Editorials

Precious casualties

When an old man dies, a library burns to the ground.

This African adage poignantly depicts a significant though comparatively underrated national loss suffered when virulent pathogenic illnesses take from us the elderly — the bedrock of our society and our cultural consciousness.

Annually, those 65 and older most often fall victim to serious complications from the flu, due in part to weakening immune systems with age.

Threats to health and life for this age group are now further compounded by the impact of COVID-19.

In the United States and Italy, the countries with the highest COVID-19 death counts respectively, fatalities are highest in those 65 and older, and in The Bahamas, 63 percent of deaths fall within this age group.

As countries scramble to contain the economic and fiscal fallout brought about by the COVID-19 pandemic, we should be deliberate in evaluating attitudes about our country’s older population and the extent to which we have relegated this invaluable segment of our human capital to the bitter background of ageism.

Our elderly are our living legacy as Bahamians and the carriers of oral histories the depth of which our grandest literature cannot adequately capture.

When we ask what it means to be Bahamian, and when we scour the annals of academia in search of secrets to cultural longevity, we need look no further than the older among us, whose wisdom, life experience and fortitude can help guide us to progress if we would only take the time to listen.

With an average life expectancy of 75 years, Bahamians can potentially enjoy many years of productivity and usefulness, but over time there has emerged a view in our society that once people reach a certain age, they have outlived that usefulness in their country and should disappear, taking all their knowledge and capacity with them.

Even our retired politicians, with institutional knowledge and acumen to spare, cannot escape this relegation to the back seat of Bahamian society.

More and more young Bahamians look at our older population as burdens and stumbling blocks to progress rather than celebrating and honoring them for having endured to long life, the trials and triumphs of life as is done in cultures throughout the world.

In this societal vein, it is an oft bemoaned truism in the workplace that many older, longstanding employees are unwilling to relinquish the reins for those who must succeed them, and the reasons for this are diverse.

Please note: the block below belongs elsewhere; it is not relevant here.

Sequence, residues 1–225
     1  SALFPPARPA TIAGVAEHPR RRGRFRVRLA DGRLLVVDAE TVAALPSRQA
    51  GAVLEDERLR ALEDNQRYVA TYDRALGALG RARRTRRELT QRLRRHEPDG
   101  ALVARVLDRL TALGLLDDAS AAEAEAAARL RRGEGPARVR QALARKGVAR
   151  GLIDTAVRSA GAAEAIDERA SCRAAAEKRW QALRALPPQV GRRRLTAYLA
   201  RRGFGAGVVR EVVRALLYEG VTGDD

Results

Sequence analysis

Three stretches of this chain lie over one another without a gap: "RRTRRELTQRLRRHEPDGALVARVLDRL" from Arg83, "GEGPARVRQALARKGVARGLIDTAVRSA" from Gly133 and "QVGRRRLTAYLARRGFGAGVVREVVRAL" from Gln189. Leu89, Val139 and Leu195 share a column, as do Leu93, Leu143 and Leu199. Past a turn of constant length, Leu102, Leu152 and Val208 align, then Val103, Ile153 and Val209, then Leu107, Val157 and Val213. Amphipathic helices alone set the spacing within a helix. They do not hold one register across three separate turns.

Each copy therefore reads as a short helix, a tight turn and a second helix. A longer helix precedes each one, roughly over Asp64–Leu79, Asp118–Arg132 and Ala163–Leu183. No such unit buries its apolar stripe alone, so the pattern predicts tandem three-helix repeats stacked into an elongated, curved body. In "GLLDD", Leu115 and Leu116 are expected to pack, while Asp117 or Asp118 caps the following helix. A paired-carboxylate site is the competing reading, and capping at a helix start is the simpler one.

But one reason that is often overlooked is that in a society where your worth and consequence are devalued past a certain age, it is understandable from a psychological perspective why some older Bahamians seek to hold onto a key source of identity in their life — their job.

Ongoing lockdowns and recent shopping schedules ordered by government have provided regrettable insight into how our older population is viewed by a goodly number of younger Bahamians.

Time slots designated for the elderly were not respected at various establishments, with younger residents insisting on not being made to wait for older shoppers to have their time, a painful demonstration of the level of regard some have for the elderly.

When The Bahamas followed the example of other jurisdictions in designating shopping periods for the elderly, the rationale was to cater to the special needs of our older residents, and to give them the opportunity to shop free of crowds of potential asymptomatic carriers.

This is why, as we referenced yesterday, the prime minister’s latest decision regarding shopping schedules for both the elderly and the disabled is unhelpful.

To hem both these vulnerable groupings into a two-hour early morning window of 6 a.m to 8 a.m, will no doubt create additional challenges for those with limited mobility and access, even as it provides the younger and more able-bodied among us with as much as an 11-hour daily window in which to shop.

We call our elderly our “precious pearls”.

But the irony about our regard for pearls is though they are of great value, they are very often hidden and only brought to the fore on special occasions.

Our older population deserves more in their country than periods where they are tolerated and accommodated, but are otherwise ignored or marginalized.

They deserve honor, respect and a rightful place of inclusion in their country befitting both their value as individuals, and the value they can still bring to the evolution of nation building.

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